He outlined three gestures of solidarity that his union would like to see delivered to Haiti:
* There is an urgent need for durable shelter that can withstand rains and hurricanes.
* Students need assistance with their education. He urged Canada to follow the examples of Cuba, Venezuela, the Dominican Republic and Brazil in hosting Haitian students and waiving their tuition fees.
* He said there needs to be more bilateral partnerships between progressive groups in Canada, such as trade unions, and their counterparts in Haiti.

Following Raphael's speech to the union convention, Barry O'Neill, president of CUPE BC, pledged that, "CUPE BC and the delegates here will do all that we can to make sure that you can get what you need to rebuild your country. And we will keep on doing that until you don't need any help."

He announced that CUPE was contributing $20,000 to Raphael's union federation, the CTSP. A further $1500 was raised for the CTSP at the public forum.

Raphael sounded some positive notes during his visit to Vancouver. He told CUPE that civil society groups in Haiti--trade unions, women's rights organizations and peasant and student groups-are cooperating like never before in the fight for meaningful reconstruction.

"What we're getting a glimpse of here is that if the government could work with civil society groups, we could get out of this situation. The problem is that although civil society organizations are doing this work, the government just ignores us."

He was interviewed at length on a local program on Radio Canada, Canada's French language national broadcaster.

The public forum was organized by the Canadian Union of Public Employees, BC Division, and co-sponsored by CUPE Metro, Haiti Solidarity BC, Co-Development Canada, CUPE Local 391 and Help Hear Haiti, a coalition at the University of British Columbia. The chairperson was Doug Sprenger of CUPE BC's International Solidarity Committee and translation services were provided by Florence Étienne, a Vancouver resident of Haitian background.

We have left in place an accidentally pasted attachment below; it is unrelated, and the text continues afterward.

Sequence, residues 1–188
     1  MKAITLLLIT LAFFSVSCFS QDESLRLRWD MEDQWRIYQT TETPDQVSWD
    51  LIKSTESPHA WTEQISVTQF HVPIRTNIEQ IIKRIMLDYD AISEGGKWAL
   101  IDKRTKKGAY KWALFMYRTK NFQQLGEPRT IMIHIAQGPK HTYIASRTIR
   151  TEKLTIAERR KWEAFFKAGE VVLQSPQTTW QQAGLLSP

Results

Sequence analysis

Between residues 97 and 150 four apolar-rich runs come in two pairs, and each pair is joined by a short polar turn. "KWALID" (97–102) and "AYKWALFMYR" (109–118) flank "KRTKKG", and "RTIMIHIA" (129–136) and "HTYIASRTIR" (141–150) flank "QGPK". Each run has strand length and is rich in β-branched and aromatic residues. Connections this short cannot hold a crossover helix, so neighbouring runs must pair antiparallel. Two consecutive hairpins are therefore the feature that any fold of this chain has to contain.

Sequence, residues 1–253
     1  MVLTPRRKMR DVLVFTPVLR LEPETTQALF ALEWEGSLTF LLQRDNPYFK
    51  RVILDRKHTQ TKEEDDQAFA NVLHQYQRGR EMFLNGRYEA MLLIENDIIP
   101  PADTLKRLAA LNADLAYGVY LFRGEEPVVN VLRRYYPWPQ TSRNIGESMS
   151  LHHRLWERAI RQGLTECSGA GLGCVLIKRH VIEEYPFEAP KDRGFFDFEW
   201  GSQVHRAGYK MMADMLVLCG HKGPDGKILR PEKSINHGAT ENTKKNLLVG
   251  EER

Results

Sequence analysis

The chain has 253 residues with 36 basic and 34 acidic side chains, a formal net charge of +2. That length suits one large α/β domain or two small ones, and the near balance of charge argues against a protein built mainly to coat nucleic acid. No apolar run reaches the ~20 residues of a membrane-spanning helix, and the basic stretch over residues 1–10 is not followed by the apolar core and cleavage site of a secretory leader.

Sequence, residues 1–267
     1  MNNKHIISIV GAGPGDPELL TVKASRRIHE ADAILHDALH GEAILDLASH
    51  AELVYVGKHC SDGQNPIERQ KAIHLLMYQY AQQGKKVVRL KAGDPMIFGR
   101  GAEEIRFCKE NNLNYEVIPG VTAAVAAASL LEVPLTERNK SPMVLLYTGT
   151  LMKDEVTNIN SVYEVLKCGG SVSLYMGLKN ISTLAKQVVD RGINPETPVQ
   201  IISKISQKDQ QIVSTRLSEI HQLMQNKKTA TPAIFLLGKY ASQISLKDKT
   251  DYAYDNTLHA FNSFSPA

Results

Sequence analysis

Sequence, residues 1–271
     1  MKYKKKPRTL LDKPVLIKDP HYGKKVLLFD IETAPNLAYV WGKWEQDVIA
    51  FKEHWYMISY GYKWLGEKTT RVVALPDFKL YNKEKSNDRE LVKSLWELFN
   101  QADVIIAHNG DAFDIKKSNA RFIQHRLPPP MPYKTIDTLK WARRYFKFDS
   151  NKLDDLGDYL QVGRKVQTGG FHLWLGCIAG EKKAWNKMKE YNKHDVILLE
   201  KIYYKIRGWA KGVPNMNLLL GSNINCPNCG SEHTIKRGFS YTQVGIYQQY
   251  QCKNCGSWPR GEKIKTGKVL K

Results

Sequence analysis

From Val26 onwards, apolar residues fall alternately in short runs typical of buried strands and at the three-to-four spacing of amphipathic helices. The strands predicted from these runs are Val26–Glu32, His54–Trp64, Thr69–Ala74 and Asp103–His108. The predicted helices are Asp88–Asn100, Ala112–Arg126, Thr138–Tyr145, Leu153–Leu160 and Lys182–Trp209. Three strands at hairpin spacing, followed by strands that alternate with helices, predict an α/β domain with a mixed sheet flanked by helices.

Michelle Langlois from Hope International Development Agency was invited to share experiences at the forum from her trip to Haiti last year as well as the work of her colleagues and organization since the earthquake. She reminded the audience that the consequences of the earthquake are felt all across Haiti. Hundreds of thousands of victims have left the Port au Prince region and have urgent needs that must be met in the areas outside the earthquake zone where they have settled.

"We've been trying to get Haitians help, but the logistical problems have been huge," Langlois said. "It's a mess." Since the earthquake,  her organization has sent three 40-ffot  containers of medical equipment to Haiti via the Dominican Republic.

Raphael continued his visit to Canada with public forums in Toronto and Ottawa on April 26 and 28 and with visits to trade union leaders and activists in those two cities and Montreal.

You can read the interview by CUPE with Dukens Raphael at:

You can sign a petition demanding more prompt action in Haiti by international relief agencies here:

Roger Annis is a coordinator of the Canada Haiti Action Network and can be reached at rogerannis(at)hotmail.com.